Taxes in the USA

Taxes in the USA are basically configured by three different entities: local government, state government, and federal government.
Local taxes are often thought of as sales tax, the extra six or seven cents added on to every dollar of purchases made in the town. This money can possibly go towards municipal buildings, schools, park improvement, transit, and paying for the police and fire departments. There is often a vote to raise or lower sales tax on a town-by-town basis.
The money from state taxes often goes towards road construction and bridge repair, paying for state government officials and buildings, etc. State taxes include income tax and property tax. Many states also have what has been dubbed “sin” taxes which are additional taxes on items such as cigarettes or alcohol.

Federal taxes are a little more in-depth and difficult to understand. Federal taxes go towards paying Medicare, Social Security, and government officials, as well as several other items. Federal taxes include income tax, gift tax, estate tax, and many, many other taxable items. The tax system is set up on a scale, indicating individuals who have a higher salary pay more in taxes. On average, Americans are estimated to pay 40% of their annual income in taxes.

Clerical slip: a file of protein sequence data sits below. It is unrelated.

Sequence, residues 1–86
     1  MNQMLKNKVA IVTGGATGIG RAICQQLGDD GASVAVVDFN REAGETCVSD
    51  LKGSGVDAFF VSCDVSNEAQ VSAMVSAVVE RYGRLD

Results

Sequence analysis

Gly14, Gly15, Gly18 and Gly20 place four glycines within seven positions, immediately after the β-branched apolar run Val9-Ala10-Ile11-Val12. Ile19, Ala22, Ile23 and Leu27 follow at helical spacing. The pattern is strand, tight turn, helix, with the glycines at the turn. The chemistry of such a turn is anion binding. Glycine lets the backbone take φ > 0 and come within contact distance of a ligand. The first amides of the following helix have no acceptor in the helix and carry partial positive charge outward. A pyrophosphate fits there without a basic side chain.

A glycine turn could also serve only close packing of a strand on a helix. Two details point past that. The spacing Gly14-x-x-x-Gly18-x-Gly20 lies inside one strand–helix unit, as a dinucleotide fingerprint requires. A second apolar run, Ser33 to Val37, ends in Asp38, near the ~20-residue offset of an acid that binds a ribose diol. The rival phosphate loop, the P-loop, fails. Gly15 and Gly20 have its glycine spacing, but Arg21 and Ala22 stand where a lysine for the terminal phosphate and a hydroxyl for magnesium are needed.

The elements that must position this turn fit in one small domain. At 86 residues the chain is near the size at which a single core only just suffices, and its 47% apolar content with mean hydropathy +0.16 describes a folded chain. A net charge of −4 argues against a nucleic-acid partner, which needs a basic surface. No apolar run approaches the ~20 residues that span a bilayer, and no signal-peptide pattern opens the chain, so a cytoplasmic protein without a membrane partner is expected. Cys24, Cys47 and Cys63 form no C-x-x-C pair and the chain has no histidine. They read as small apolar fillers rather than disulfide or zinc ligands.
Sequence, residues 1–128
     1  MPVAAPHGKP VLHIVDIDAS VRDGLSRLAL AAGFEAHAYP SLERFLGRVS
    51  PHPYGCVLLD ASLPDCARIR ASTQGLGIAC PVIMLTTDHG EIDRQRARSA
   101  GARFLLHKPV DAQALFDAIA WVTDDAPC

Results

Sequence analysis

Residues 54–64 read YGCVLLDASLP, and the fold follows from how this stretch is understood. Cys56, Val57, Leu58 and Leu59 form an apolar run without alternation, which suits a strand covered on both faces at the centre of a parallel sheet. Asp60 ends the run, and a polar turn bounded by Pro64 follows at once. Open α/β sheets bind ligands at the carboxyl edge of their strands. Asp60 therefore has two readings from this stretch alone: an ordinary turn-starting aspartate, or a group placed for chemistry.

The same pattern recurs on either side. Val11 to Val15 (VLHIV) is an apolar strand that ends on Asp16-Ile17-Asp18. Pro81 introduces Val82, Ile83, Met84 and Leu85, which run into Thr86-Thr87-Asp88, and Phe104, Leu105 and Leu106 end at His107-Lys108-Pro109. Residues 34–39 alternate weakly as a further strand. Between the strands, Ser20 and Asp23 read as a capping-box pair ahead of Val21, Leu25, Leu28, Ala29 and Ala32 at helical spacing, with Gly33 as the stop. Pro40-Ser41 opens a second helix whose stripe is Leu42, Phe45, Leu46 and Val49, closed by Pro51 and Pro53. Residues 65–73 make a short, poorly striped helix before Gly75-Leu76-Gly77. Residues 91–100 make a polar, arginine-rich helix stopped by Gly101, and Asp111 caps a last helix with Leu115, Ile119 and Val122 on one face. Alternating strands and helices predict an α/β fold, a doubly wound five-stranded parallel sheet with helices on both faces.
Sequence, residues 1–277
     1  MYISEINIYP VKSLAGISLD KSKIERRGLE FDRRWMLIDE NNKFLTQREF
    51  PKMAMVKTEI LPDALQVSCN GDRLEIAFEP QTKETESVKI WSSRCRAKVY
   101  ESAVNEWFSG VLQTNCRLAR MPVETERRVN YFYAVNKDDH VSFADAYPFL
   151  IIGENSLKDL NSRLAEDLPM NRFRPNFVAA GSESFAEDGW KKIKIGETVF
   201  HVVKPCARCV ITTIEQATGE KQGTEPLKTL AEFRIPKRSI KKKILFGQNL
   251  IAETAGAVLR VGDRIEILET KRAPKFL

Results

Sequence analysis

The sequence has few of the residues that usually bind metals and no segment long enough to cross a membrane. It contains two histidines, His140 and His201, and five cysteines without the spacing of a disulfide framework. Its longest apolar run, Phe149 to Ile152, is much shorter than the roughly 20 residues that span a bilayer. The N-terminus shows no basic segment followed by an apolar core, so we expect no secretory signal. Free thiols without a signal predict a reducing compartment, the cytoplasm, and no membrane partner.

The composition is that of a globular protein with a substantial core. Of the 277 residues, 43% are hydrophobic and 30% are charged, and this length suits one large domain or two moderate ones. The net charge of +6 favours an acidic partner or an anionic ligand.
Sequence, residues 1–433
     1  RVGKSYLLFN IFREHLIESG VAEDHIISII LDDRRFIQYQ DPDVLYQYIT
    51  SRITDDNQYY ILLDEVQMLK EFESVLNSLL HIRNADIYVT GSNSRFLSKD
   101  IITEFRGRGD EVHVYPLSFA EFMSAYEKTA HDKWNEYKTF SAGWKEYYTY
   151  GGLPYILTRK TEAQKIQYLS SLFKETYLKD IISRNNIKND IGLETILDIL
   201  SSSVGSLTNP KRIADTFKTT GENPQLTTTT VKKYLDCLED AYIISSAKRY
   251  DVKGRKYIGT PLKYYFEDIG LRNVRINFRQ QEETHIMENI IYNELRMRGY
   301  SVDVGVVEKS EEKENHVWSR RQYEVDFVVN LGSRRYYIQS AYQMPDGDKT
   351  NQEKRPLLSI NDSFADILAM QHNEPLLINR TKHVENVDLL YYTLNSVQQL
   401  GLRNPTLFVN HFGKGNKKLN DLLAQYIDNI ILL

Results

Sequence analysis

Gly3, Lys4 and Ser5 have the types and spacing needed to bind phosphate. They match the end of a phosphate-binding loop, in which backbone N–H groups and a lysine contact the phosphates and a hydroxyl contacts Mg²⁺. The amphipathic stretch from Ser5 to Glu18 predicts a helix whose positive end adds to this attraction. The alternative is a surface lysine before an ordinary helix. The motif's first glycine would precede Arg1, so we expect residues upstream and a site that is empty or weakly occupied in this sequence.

On the other hand, there are several options for tax breaks. Couples or individuals with children receive a tax credit, particularly if they are paying for daycare. New home buyers also receive tax incentives to help stimulate the economy. Retirement accounts and charitable contributions are two other ways to receive tax deductions.

While most Americans agree they are paying too much in taxes, compared to several other nations we are relatively low. The great partisan debate is and always will be this: are our taxes still too high, or are they too low for what we want to achieve? Or are we getting too much/not enough as citizens for how much we pay?
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